Continuing work at Aalto

While not busy with the GUANTUM project, Sillanpää leads the Quantum Nanomechanics research group, which, besides the main focus on fundamental research, has been hard at work developing quantum mechanical devices—a product of their research that has wide-ranging applications in the greater field of quantum technology.

Having begun his physics professorship at Aalto in 2012, Sillanpää has hands-on experience with much of the growing body of research infrastructure housed under OtaNano, which is paramount for he and his team to be able to conduct necessary experiments.

‘The Otanano equipment is absolutely critical for our research; we use almost nothing else,’ Sillanpää says. ‘Between the clean rooms and the cryostats, this essential technology enables us to conduct this very important fundamental research.’

Operated by Aalto University and VTT, OtaNano is comprised of the Low Temperature Laboratory, Micronova and the Nanomicroscopy Center. The OtaNano research infrastructure houses comprehensive micro- and nanofabrication facilities in clean-room environments, high-resolution imaging and characterization equipment, and state-of-the-art experimental facilities, including ultra-low temperature possibilities.

More on Sillanpää's research

The highly competed ERC Advanced Grant, awarded to leading top researchers, is the third ERC grant won by Professor Mika A. Sillanpää. In 2009, he received the ERC Starting Grant targeted at talented young researchers and, in 2013, he was awarded the ERC Consolidator Grant intended for top researchers establishing their careers. Picture: Aalto University.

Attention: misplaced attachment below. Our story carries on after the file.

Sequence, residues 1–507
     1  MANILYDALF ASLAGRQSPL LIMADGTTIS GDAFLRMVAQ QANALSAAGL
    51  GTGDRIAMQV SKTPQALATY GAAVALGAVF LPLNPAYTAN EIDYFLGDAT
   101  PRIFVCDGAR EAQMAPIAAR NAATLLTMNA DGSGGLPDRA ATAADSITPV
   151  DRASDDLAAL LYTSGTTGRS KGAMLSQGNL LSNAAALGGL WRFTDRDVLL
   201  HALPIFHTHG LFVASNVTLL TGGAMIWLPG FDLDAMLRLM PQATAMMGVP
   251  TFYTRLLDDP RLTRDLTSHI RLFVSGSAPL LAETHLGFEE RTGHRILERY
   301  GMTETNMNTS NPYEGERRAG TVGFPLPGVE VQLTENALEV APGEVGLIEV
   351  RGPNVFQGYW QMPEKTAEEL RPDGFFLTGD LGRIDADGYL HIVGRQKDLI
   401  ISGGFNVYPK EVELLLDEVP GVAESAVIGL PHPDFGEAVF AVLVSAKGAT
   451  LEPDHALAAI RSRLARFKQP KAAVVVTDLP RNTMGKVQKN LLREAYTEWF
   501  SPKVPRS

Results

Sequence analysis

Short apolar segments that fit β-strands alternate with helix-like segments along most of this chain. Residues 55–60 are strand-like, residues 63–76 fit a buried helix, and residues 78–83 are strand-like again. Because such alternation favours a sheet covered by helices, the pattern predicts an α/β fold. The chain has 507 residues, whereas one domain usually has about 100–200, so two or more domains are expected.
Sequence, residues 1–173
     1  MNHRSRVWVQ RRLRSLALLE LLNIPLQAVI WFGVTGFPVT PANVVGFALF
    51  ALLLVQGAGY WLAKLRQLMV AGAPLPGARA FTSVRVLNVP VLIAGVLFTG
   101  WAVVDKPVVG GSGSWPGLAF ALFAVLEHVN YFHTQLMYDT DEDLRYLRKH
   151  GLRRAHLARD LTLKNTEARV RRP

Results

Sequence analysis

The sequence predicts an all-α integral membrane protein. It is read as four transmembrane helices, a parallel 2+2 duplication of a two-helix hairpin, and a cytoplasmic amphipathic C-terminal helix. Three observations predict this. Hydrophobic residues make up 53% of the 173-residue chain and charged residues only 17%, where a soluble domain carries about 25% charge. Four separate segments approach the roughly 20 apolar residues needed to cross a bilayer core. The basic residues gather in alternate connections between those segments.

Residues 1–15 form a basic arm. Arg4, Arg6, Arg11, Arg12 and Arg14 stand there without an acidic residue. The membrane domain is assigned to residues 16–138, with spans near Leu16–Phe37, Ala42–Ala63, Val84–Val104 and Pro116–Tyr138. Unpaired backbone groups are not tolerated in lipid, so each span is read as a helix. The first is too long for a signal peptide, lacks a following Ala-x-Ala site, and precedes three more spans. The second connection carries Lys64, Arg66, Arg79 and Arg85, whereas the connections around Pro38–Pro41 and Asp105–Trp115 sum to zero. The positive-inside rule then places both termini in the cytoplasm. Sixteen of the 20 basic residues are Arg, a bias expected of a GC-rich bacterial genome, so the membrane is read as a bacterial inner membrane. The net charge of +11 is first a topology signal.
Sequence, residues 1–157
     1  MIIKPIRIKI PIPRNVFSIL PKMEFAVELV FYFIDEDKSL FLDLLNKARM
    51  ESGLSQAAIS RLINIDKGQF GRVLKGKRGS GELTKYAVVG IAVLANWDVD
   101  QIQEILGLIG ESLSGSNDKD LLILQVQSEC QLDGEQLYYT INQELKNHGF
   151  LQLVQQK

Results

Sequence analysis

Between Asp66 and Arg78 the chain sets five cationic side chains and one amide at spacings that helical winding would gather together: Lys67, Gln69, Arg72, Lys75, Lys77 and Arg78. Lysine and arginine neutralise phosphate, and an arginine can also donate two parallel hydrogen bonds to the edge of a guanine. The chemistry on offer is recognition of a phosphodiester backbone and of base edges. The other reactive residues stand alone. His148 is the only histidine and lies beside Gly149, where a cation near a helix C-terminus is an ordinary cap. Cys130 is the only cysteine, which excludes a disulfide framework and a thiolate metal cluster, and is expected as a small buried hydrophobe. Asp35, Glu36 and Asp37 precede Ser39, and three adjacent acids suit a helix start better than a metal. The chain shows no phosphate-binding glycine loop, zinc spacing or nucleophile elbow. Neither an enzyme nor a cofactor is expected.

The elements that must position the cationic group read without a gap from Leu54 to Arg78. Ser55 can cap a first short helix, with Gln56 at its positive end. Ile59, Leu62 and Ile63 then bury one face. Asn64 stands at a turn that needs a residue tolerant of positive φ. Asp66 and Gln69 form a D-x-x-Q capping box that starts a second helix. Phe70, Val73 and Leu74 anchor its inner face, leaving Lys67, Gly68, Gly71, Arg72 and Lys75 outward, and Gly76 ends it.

Physicist Mika A. Sillanpää wins a multi-million euro research grant to support work reconciling quantum mechanics and general relativity

The team is trying to solve a hundred-year-old mystery of physics with the help of small gold spheres and extremely low temperatures. The observation of tiny gravitational forces between vibrating spheres may solve the mystery.

The drumheads exhibit a collective quantum motion. Picture: Juha Juvonen.

Aalto researchers awarded Physics World Breakthrough of the Year for macroscopic quantum entanglement

Aalto University Professor Mika A. Sillanpää, his team and collaborators at the University of New South Wales in Canberra, Australia, have won the Physics World 2021 Breakthrough of the Year. The prize was awarded for establishing quantum entanglement between a pair of macroscopic drumheads – two mechanical resonators that were tiny but still much larger than the subatomic particles that are usually entangled. The award has previously been given for the first direct observation of a black hole and for the detection of gravitational waves, which also received a Nobel Prize.

An illustration of the 15-micrometre-wide drumheads prepared on silicon chips used in the experiment. The drumheads vibrate at a high ultrasound frequency, and the peculiar quantum state predicted by Einstein was created from the vibrations. Image: Aalto University / Petja Hyttinen & Olli Hanhirova, ARKH Architects.

Quantum Nanomechanics

The NEMS group focuses on studies of micro- and nanomechanical resonators near the quantum ground state of moving objects.

Department of Applied Physics